The Column (Fig. 34) contains an unsophisticated world of figures and animals, houses, and plants. In order to absorb the full richness of this work, it must be perceived in the round. However, once undertaken, this endeavor can overwhelm the viewer since the complexity of detail makes it difficult to draw a simple meaning from the work. The elements are packed together, one on top of the other, in a vertical pattern of upright poses which gives an upward movement to the piece. All the figures have massive features and are portrayed rigidly and awkwardly, but a close observation discloses that there are indeed subtle differences in gesture, direction, and expression. The simplification of each individual element unifies the composition, but because there is such a large collection of forms and details that overlap one another, it is difficult to experience this column as a unified sculpture. Unity does exist, though, in the dependence of all the figures on the column itself, indicating the sculptor's regard for his medium, or perhaps his fear of venturing far from its traditional limits. The moody faces barely project from the wood, while the sculpture of Zivkovic's son Milan is much more disturbing with its suggest‑ion of a primitive surrealism.
            The Figure (Fig. 35) by Milan emits a variety of sensations and messages, and is a bit more susceptible to modern interpretations than the piece by Zivkovic. It is dramatically expressive, bordering on the tragic; yet, it also possesses a bizarre humor and touch of irony. The features revealing the darker aspects of this work include the distortion of the human figure, the shackles capturing the legs and waist, and the device chaining the heart, tongue, nose, and forehead. The ear, which is formed of a human profile and seems to be whispering to the head, and the heart, which has escaped the confines of the chest cavity and is perched on the breastbone are lighthearted features which counteract the overall seriousness of the piece.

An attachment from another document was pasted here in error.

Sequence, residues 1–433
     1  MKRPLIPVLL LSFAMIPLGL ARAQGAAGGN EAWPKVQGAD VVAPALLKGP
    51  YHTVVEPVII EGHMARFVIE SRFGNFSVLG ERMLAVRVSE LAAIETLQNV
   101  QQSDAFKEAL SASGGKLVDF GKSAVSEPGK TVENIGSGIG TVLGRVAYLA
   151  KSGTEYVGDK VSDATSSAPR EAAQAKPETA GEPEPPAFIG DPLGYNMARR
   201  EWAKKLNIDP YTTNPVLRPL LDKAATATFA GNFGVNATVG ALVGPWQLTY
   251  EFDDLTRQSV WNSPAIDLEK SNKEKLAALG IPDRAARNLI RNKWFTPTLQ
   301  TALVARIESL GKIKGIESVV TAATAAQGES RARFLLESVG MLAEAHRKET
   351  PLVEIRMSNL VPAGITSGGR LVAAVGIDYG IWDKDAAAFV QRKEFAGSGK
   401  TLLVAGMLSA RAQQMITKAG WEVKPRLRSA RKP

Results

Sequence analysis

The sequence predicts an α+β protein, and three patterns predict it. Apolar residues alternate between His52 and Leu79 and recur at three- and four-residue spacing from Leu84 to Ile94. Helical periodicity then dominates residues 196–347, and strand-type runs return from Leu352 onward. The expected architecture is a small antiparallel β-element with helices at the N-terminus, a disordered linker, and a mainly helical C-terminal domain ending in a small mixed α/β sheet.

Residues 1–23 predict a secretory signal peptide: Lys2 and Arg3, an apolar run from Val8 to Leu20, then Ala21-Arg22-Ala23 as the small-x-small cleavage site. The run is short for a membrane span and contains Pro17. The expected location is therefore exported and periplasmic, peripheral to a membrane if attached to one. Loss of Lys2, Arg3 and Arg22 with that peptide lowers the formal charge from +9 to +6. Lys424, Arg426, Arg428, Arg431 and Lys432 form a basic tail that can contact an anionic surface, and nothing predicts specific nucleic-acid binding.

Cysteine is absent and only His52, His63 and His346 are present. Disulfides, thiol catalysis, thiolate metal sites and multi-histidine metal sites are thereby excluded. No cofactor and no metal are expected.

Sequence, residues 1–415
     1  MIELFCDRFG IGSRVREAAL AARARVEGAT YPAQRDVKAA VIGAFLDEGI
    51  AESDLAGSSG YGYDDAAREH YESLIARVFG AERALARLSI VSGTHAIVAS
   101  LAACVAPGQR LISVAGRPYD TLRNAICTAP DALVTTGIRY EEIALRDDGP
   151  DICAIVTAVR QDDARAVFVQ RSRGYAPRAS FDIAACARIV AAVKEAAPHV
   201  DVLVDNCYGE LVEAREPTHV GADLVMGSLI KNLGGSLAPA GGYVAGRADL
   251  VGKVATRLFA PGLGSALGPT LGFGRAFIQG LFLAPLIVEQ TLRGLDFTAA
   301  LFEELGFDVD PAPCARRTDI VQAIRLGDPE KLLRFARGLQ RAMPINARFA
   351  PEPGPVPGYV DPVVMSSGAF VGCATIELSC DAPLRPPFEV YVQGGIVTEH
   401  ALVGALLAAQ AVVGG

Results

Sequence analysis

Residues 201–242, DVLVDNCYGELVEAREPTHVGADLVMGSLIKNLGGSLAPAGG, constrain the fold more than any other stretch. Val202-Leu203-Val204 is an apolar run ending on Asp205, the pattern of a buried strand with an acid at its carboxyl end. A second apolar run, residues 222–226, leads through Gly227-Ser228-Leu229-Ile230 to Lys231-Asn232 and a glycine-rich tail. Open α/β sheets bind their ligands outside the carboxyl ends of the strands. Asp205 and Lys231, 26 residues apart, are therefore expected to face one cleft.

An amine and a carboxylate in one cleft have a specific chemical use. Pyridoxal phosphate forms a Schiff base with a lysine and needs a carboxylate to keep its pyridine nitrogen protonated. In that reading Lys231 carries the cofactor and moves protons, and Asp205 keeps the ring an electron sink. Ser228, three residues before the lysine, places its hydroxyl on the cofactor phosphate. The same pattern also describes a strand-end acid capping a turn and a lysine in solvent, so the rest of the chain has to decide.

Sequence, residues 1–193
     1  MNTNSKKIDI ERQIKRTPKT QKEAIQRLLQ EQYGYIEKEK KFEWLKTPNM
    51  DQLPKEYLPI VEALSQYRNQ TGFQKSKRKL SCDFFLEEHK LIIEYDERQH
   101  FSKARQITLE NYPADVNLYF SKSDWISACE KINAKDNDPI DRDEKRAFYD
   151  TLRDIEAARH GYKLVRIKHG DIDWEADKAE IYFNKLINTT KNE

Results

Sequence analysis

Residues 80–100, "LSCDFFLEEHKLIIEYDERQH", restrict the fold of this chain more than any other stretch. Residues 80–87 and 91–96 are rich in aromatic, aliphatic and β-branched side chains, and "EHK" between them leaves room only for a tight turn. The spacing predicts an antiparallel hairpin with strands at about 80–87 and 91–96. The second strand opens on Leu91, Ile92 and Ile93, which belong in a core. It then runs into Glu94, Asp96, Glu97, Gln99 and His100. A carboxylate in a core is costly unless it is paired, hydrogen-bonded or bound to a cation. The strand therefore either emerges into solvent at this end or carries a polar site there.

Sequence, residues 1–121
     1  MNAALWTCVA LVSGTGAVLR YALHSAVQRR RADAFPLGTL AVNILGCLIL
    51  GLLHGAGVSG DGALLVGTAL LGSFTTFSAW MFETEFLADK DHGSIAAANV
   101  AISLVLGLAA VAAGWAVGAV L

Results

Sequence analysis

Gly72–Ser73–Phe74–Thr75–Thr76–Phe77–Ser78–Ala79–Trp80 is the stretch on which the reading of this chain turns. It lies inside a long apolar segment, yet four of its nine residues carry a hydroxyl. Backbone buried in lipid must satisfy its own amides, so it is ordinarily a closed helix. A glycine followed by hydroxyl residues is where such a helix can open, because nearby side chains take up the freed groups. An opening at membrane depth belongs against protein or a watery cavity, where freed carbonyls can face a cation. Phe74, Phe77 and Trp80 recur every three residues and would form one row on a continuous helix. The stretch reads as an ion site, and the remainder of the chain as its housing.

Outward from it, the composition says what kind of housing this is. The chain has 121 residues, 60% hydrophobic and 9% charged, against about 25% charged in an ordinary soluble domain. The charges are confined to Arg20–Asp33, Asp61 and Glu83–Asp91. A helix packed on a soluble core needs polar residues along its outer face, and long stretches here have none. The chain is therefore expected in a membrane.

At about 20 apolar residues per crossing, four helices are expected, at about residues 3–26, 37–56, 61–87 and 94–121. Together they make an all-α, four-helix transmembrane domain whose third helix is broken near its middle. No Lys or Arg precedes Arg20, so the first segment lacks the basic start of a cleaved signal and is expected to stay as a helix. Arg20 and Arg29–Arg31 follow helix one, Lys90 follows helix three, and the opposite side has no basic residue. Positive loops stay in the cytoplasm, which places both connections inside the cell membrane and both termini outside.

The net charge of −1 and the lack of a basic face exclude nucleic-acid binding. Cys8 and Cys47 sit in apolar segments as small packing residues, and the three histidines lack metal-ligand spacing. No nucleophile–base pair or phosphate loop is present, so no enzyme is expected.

The interplay of round and angular forms emphasizes the dual nature of the work. The overall shape is round; its curves are dynamically contrasted with the serrated "crown," rectangular nose, rigid belt, and the diagonal bars resembling chains on the legs. The sources of this work are still instinctive rather than rational. Its imaginative properties could almost be seen as childlike and the work holds its own against intricate interpretations.